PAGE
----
"Not another singer-songwriter," moaned Richard Thompson when he finally reached the stage at the Wax Museum at midnight Sunday. Thompson had every right to feel a bit self-conscious. He was following two other wordsmiths, Chris Smither and Danny O'Keefe, in an evening of acoustic music that lasted nearly five hours. That it seemed only half as long was a tribute to all three musicians.

Smither displayed his exceptional finger-picking dexterity on guitar and a wonderful repertoire that embraced both his own intimate songs and some slyly arranged R&B tunes. O'Keefe was a minor revelation. Stripped of elaborate arrangements, his songs were more personal, more expressive and beautifully sung. He embroidered each with nimble guitar work, and his talent for sardonic storytelling shone through on songs both old ("Quits") and new ("Sidewalk Symphony").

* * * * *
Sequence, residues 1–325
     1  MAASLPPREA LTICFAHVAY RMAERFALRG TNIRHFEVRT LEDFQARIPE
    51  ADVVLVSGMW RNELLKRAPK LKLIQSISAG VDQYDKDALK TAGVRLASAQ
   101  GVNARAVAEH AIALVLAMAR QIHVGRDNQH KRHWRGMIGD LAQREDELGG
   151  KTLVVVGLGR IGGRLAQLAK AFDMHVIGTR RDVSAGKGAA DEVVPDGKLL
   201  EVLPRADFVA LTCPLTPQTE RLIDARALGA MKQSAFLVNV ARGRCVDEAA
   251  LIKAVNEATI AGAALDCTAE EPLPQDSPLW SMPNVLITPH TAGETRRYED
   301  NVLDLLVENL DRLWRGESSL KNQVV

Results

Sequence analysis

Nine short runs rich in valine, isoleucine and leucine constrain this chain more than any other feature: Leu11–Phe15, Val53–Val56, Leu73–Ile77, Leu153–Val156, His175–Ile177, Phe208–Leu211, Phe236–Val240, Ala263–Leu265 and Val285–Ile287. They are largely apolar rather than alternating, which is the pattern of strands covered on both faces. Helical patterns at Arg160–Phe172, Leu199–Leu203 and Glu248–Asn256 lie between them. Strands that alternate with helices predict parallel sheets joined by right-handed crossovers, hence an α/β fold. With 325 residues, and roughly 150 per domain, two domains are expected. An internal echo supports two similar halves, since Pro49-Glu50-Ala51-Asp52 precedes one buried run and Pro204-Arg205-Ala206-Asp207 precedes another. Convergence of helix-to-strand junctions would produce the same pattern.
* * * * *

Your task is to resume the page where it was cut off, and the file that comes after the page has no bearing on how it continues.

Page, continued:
Like Smither, Thompson, who once guided the British folk-rock band Fairport Convention, devised complex, demanding guitar pieces; his transcription of Duke Ellington's "Rockin' in Rhythm," for example, was an instrumental tour de force. But Thompson's strong baritone and easy manner made virtually everything he sang equally enjoyable, especially some of the livelier numbers, such as "You're Gonna Need Somebody," "The Border" and the ominous blues "Backstreet Slide." When the late-hour zanies set in, Thompson even offered a bit of "My Way." Who says singer-songwriter types don't have a sense of humor?